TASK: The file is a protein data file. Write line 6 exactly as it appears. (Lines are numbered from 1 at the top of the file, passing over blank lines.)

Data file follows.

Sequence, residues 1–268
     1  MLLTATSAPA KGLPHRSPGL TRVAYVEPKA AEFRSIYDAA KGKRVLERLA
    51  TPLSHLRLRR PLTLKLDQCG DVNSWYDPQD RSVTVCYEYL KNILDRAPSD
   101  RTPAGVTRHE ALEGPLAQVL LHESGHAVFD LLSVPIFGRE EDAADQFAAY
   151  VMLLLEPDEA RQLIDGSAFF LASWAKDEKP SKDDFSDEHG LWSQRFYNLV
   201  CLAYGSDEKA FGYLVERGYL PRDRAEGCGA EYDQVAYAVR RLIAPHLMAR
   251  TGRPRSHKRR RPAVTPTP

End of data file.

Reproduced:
   201  CLAYGSDEKA FGYLVERGYL PRDRAEGCGA EYDQVAYAVR RLIAPHLMAR